Lessons 1-13 are here.
I have been very fortunate to work with and supervise great school counsellors. They teach me and I teach them. One tool that never gets old is the ability to reflect and Marc shares a few of his reflections on my blog. I know that he will have his own blog someday soon as he finishes up his Counselling degree. Listen as this new school counsellor reflects on his practice.
End of Semester Reflection
At this point in the semester, I am impressed at how much learning I have done and how much I have grown as a professional since the beginning of September. I would not have believed it if someone had told me before this semester how many situations and clients I would have worked with and survived. I am impressed with my ability to self-care, and how I am able to regulate my emotional responses. I have experienced anxiety and stress, but I am coping, as I am able to collaborate with my supervisor, reflect with classmates, and engage in my own healing activities. I actually feel less like an imposter and more like I belong in the profession.
However, despite my progress, I’m still aware of how far I have to go. I am still working on developing a conceptual map with each client, determining which theoretical models to add to my toolbox, and what actions I should take in given situations. More than anything, I still have work to do developing the instincts and comfort level required of experienced counsellors. I still make mistakes, and I am still very self-critical. I’ve hesitated, misjudged situations, and lost track of sessions. I still need to work on using my time with clients efficiently and purposefully. I’m optimistic – I’m working on improving, and have faith in my ability to grow. As long as I keep reflecting and pushing myself as a professional, I should improve.
This week’s focus on ethics drew attention to some interesting issues at my practicum site.
First, there are the concerns created by the dual roles school counsellors often are given. In schools, counsellors are often given teaching assignments, supervision duties, extracurricular commitments and administrative roles. In some cases, these dual roles can be performed without issue, even adding a positive dimension to the counsellor persona. However, despite this, counsellors still must guard against potential boundary issues, negative impacts upon therapeutic relationships, and confidentiality concerns. At my placement, my role as teacher advisor creates a dual relationship for any student in my ‘TA’ who wants to see me as a counsellor. I must be careful about the nature of my dual relationships with students and be mindful of it in the future.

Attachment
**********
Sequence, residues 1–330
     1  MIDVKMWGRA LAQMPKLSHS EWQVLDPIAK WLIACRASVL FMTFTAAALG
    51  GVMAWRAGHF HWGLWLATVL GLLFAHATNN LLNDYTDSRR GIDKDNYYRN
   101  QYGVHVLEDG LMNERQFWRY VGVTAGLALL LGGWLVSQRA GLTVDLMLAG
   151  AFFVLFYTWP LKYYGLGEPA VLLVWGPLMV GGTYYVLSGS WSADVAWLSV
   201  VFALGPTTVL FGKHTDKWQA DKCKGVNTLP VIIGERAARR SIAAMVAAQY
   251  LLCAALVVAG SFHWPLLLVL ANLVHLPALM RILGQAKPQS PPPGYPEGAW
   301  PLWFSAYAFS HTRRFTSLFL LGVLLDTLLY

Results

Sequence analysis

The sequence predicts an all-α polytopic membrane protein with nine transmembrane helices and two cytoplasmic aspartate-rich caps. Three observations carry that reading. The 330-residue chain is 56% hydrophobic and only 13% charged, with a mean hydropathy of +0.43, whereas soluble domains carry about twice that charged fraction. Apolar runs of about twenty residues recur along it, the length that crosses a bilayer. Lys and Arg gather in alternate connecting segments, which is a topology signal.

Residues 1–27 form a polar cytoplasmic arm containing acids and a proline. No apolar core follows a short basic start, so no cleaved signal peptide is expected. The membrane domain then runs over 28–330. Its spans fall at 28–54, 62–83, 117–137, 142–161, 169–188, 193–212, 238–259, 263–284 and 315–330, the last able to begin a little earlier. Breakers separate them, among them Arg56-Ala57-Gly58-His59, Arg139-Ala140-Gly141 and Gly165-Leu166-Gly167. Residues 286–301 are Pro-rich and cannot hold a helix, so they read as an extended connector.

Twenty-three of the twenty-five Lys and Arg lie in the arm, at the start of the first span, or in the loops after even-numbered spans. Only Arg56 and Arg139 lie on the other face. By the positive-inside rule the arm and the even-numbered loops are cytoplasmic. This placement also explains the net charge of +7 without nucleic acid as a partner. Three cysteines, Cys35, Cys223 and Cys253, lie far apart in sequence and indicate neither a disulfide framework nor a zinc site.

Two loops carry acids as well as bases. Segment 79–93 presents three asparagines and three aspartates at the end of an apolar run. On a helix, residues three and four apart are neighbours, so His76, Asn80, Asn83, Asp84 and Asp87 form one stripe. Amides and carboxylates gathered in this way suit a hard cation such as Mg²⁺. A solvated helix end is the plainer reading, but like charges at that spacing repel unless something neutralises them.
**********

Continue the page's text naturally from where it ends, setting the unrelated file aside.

Second, there are general confidentiality concerns present in schools. Teachers, administrators and parents often want information from counsellors that was given in confidence by students. Apart from cases of abuse or imminent harm, we are bound by our code of ethics to honour the privacy of our clients. That said confidentiality must be balanced by the need to protect our underage clients and by the rights of parents to be informed. This week has been a great start to discussion and reflection for the semester!
Self-care is a topic that all counsellors should have no difficulty reflecting upon, even as it may be easy to overlook. We all are guilty of behaviour that sacrifices our own well-being in favour of client needs, workplace demands, other life commitments, or general poor habits. A novice counsellor like myself is especially vulnerable. I am full of energy, keen to try new ideas, eager to meet the demands of my clients and workplace, and determined to measure up to my ambitious standards. Not only do I lack the experience to determine if my expectations and pace are plausible, but I haven’t had the experience to fully understand as a counsellor how to balance my life and take care of myself. Reminding us of the importance of self-care at this point of our practicum is well timed.
I need to improve my self-care in two different theatres – at work and away from work. At work, I need to take more breaks, leave my office, and connect with more staff. I need to rein in my ambitions and learn to reinforce boundaries and curtail expectations. I need to develop conceptual plans and reflect upon my practice to improve my delivery. I don’t feel overwhelmed at work, but the stress can add up. At home, I need to establish more regular self-care habits. I need to exercise more often and spend more time with friends and family. I enjoy spending time with my daughter, wife and dog, but I could reconnect with friends and family outside my home. I have been putting off certain tasks until I have completed my masters program, buy I need to rediscover hobbies and interests that I enjoy. Further, as illustrated by the ‘I need’ statements throughout, I need to temper my expectations of myself and celebrate my progress and accomplishments.
Hopefully, my career as a counsellor will be a long one. More than anything, I need to be patient.
I love that Marc is so reflective. We discuss his thoughts and concerns and each of us leaves learning something new.
This is a Self- care Haiku Deck that I created this week. In case your having a bad day I suggest you watch this video.